Second, WE ARE VICEGERENT OF ALLAH ON EARTH. Islam is filled with mercy and blessing, not only for the believers but for all the created. As Muslims, we have been given the responsibility to bring prosperity on earth; yet, the achievement of which is so far-fetched. If we really want to compare, compare with the best and not with the sub-standards that have besieged Muslims for so long. The reality is we are far behind. If others are ahead of us and is still running, we will not be able to overtake them if we are crawling. Instead, we have to run even faster. We must work harder. We must strive and struggle. We must sacrifice. Islam is highest and nothing is above it. This is the truth and will remain true. However, in the present situation, Muslims have made Islam to look low. It is our responsibility to place Islam back at the place it should be such that Islam manifests its blessing and mercy to all mankind.
Third, WHAT WE DO SHAPE THE FUTURE. What we do has implications for the future. The success of our generation is not judged by what we have achieved in relations to each other but on whether we build foundations for the next generation to be better. As noted early, we can easily be trapped in mediocrity and mediocrity can be perpetual across generation. We have to acknowledge that we are mediocre. We have the responsibility to break out from this trap to set a better future for our next generation such that, as mentioned above, we are truly the vicegerent of Allah on earth.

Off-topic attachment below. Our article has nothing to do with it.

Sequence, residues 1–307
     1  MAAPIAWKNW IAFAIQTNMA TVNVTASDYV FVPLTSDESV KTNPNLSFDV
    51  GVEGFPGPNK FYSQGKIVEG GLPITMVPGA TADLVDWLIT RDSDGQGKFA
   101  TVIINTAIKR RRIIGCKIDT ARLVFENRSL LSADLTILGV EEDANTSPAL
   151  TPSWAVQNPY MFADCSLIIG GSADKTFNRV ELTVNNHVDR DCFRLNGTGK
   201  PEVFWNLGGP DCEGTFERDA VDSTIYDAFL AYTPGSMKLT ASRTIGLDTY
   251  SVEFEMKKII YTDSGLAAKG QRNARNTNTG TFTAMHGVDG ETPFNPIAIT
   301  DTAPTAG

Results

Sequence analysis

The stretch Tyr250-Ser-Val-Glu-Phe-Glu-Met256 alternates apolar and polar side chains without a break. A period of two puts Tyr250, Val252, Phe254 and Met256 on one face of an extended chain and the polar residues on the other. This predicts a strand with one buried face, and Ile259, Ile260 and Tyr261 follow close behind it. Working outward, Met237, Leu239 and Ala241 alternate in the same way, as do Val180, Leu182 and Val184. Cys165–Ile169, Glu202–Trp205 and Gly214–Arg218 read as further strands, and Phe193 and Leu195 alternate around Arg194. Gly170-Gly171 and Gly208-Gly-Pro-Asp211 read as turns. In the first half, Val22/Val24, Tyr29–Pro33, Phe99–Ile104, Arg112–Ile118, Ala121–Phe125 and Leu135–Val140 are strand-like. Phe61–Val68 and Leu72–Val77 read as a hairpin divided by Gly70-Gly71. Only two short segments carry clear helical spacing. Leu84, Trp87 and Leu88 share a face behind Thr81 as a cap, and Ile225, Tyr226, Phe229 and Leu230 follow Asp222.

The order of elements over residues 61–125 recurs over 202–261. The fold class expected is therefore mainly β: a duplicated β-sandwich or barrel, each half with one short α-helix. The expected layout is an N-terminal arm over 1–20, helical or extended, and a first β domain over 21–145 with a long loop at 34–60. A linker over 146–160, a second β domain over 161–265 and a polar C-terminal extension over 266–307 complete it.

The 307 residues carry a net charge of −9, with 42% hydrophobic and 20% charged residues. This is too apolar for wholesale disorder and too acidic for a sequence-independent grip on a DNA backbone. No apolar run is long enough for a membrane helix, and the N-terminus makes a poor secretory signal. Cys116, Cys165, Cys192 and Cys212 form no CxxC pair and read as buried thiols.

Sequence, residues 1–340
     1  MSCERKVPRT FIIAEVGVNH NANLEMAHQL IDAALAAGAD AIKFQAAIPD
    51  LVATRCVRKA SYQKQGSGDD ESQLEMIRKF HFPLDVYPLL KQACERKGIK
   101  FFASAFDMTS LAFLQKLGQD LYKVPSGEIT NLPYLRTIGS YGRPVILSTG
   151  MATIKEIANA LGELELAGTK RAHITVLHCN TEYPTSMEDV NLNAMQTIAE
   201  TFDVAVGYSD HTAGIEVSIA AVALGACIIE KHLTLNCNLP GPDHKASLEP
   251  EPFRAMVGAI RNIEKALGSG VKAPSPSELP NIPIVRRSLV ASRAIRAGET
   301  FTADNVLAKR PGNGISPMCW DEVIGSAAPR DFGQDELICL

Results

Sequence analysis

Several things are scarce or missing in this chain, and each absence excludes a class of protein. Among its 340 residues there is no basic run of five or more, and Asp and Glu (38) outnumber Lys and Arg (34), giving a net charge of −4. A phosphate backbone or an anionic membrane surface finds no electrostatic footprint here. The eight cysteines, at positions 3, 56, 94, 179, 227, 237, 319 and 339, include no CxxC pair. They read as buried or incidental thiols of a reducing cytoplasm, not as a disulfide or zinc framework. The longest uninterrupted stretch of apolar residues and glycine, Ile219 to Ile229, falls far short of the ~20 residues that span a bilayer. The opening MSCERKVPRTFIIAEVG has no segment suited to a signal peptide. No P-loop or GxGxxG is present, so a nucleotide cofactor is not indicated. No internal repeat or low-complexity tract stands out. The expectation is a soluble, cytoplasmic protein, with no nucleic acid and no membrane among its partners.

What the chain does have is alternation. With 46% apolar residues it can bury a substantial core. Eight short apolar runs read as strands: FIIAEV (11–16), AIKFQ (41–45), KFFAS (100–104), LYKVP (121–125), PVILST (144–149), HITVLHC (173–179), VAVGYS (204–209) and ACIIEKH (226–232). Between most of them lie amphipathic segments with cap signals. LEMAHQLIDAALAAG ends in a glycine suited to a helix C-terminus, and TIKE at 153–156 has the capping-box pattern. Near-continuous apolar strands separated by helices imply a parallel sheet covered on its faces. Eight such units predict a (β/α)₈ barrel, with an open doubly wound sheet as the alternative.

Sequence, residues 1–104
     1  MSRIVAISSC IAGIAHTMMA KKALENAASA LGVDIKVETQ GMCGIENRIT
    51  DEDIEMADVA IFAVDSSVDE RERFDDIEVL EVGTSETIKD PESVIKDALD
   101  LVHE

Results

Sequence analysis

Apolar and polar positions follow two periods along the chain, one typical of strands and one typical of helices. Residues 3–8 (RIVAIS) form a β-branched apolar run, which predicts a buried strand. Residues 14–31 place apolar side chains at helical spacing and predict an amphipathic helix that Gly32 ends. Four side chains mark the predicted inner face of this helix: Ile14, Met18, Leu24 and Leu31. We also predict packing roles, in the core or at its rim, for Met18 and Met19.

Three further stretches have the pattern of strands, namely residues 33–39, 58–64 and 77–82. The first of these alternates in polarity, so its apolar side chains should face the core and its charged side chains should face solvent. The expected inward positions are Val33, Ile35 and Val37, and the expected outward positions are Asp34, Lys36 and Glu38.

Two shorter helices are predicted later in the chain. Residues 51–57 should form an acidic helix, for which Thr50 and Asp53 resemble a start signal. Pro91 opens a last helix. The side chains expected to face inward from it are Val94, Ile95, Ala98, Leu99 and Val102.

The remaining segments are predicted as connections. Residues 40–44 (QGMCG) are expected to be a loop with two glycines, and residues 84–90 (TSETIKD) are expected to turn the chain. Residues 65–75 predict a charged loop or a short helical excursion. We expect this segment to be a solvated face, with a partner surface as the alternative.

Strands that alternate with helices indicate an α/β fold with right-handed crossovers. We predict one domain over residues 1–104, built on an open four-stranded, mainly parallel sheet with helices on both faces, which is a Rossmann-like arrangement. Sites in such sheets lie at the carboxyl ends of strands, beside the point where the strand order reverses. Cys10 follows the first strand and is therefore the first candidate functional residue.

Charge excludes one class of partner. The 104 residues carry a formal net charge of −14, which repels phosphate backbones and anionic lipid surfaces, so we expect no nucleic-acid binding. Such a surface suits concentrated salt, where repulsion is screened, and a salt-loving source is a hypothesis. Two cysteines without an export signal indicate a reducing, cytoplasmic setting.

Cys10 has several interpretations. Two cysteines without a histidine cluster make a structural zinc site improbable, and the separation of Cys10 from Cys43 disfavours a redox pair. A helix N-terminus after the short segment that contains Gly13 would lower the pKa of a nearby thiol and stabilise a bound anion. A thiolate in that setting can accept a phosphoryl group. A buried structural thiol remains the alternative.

And fourth, WE STAND ALONE ACCOUNTABLE FOR OUR ACTION IN THE DAY OF JUDGEMENT. Sometimes we forget that when we stand before Allah on the day of judgement, our action will be judged not in relation to our peers. On earth, we are assessed relative to each other. But, it is not on the day of judgement. Allah says: protect yourselves and your families from the hell fire. Ask ourselves: can we use the reasons that we do not do what we are expected to do by rationalizing that others also have not done? Can we justify our times dedicated to work being less than what is expected (e.g. 40 hours per week) by stating that others have consistently shirking on their works? Do we think that Allah will accept those justifications? Are income earned and then fed to our family justifiable? We may now be able argue by giving various rationales but ask: can we do the same in front of Allah. The right advice is: protect ourselves and our families from the hell fire. The right action: have right intention and then do the best we can. It should not be merely better than others but do the best we can.
Based on these, let us embrace the work ethics deep-rooted in Islam so that once again we are leaders, InsyaAllah. And if we proclaim that we aim to be the “KNOWLEDGE LEADER” LET’S DO IT.
By Prof. Dr. Mansor Ibrahim, Deputy President Academic/Dean, School of Graduate and Professional Studies